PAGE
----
Both white women and black men only want to cater to the desires of the white men around them. As you can see. Clive's introduction is a joke on the play's casting.as character. while Betty wants to be wanted by men. Of course you would hardly notice that Joshua is black. Really has the knack. represented a defined fact or collection of facts about one's inner self. / I only live for him. gets to control the ideal performance for all those around him. My master is my light. want. a minority in Africa. companion. Hamme113 . Betty only exists to please men and fulfill their desires. combating traditional tenants of racism in which someone's outward appearance. as the representative of the white male. represented by Clive. However. and for Clive as ironic paragon of manhood in the play. a woman inscribed in and by the male. Clive. Both of their verses show a desire for communion with masculinity as the ideal of self." in general. an unavoidable visual reality. The implications of this are investigated in Joshua's response: "My skin is black but oh my soul is white. / I hate my tribe. particularly skin tone. as the object of masculine desire for "men. this also links Betty and Clive in a common desire for connection to masculinity. the actor playing him is not. Clive dreams of a wife like Betty. outward appearance does not always match the character the actor is portraying. claiming to want to be only what white men. subverting her below Clive even as her male body elevates her above those women who lack it. Clive next introduces his servant. and object of desire. / You'd hardly notice that the fellow's black" (Churchill 251). the only character in the play who is cross-race cast: "My boy's a jewel. / What white men want is what I want to be" (Churchill 251252). Joshua's final line mirrors Betty's section of the introduction. The lack of relationship between skin and soul is addressed here. Her final line combined with this focus on the gaze draws attention to Betty's masculine body.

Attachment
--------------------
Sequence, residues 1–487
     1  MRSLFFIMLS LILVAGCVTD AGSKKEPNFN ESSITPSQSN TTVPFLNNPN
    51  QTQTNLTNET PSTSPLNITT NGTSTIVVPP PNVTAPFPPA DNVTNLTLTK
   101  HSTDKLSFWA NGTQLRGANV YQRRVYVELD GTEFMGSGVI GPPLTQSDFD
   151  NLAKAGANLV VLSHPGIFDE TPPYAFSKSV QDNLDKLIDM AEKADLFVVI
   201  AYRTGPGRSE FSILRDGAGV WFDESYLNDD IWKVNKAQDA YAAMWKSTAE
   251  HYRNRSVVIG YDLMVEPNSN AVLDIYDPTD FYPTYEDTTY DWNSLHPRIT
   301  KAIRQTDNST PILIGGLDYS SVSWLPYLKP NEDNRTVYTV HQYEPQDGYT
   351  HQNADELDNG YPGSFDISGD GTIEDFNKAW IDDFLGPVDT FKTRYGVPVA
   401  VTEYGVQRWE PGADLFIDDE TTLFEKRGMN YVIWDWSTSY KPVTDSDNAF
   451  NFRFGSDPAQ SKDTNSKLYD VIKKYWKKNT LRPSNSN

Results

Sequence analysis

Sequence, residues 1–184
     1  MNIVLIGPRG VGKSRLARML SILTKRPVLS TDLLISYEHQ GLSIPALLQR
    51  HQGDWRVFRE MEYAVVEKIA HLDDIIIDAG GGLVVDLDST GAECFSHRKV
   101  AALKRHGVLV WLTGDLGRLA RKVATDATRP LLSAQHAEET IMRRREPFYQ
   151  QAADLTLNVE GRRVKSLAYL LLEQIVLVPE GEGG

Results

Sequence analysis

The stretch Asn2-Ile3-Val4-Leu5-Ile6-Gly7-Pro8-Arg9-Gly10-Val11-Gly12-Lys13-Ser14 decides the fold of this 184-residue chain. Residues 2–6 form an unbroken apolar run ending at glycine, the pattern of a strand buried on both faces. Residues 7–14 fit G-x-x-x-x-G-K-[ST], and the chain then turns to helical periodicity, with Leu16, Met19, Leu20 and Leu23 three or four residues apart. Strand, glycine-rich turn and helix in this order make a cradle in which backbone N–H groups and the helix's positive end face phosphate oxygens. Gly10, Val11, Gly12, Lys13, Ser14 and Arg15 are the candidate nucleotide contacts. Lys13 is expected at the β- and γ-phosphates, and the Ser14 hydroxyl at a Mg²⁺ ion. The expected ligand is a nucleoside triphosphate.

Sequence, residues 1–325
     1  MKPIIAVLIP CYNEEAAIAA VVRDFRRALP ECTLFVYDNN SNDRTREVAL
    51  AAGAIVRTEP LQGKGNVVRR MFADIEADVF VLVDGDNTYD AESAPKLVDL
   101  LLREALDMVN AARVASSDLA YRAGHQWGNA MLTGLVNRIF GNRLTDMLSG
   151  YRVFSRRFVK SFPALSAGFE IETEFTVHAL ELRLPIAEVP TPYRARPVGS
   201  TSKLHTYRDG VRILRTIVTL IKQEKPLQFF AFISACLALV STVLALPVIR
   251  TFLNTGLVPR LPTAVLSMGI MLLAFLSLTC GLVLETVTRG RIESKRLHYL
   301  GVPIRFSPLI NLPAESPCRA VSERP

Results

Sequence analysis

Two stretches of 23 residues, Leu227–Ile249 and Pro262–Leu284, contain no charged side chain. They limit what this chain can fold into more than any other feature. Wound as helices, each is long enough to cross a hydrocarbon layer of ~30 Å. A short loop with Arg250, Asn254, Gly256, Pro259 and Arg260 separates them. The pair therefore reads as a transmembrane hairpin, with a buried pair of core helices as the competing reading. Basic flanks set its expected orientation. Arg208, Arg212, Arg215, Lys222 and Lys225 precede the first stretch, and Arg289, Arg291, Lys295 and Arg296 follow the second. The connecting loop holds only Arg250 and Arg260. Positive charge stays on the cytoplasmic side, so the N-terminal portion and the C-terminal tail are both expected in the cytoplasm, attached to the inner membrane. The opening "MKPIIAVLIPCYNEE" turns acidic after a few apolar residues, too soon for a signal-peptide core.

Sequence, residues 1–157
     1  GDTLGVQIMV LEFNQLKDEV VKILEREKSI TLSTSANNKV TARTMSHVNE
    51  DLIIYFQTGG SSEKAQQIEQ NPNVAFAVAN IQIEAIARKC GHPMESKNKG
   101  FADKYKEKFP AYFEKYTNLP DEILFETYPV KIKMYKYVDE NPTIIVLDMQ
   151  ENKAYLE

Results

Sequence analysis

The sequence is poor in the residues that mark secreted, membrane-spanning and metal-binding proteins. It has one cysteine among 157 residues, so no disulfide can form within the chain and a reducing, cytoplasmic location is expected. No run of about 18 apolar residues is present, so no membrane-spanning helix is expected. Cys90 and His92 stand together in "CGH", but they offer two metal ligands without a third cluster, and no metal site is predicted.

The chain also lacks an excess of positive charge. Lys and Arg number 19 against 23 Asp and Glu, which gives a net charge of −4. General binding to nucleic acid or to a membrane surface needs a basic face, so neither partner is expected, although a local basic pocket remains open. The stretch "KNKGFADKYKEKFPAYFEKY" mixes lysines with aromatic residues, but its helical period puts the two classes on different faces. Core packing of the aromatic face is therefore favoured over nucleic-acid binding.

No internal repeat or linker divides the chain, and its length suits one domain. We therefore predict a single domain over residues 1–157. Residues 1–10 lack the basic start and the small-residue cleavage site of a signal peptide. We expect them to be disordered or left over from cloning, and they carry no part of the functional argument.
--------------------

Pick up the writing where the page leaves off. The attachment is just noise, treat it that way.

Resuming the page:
"is" is replaced with "doing" and "teach. I'm doing all I can / To teach him to grow up to be a man" (Churchill 252). fulfilled desire for all three characters). The use of "is" in the first sentence expresses the only certainty of identity Clive has about his son: that he "is young. the not-quite-perfect son." The audience is constantly reminded of this by the female body playing Edward which. Betty and Joshua describe themselves as already being what Clive desires them to be (a mutual. through its own socially coded gender associations. he is as Hammell4 . There is no bare self on which Clive is basing his choice to make Edward "a man. Edward's verse — like Clive's verse preceding it — contains a different grammar from the verses of Betty and Joshua. but.The introduction of Edward. it is still an outside influence. unlike his mother and Joshua." Even though Clive's influence is in progress." words which express both an ongoing process and Clive's uncertainty in the success of his intentions for his son. Edward's response reasserts that he has not yet reached the definition of manhood his father desires in him: "What father wants I'd dearly like to be. He says. Even Clive sees that identity is constructed through a process of teaching and reinforcement of the status quo. shows Clive's first moments of doubt in the play. / I find it rather hard as you can see" (Churchill 252). For Clive. However. There are no inherent desires in Edward that are shaping his gender identity as "man." When talking about Edward's manhood. "My son is young. Edward is in the process of being defined as "man" — a process that he will never complete in Clive's terms. Clive's victories and losses over Edward's gender performance have nothing to do with Edward's inner desires. Edward still would "like" to become the son his father wants. Clive is anticipating Butler's point that gender roles are constructed by the repetition and cultural understanding of various actions over time. serves as a symbolic representation of Edward's undeniable and inescapable resistance to Clive's expectations of manhood.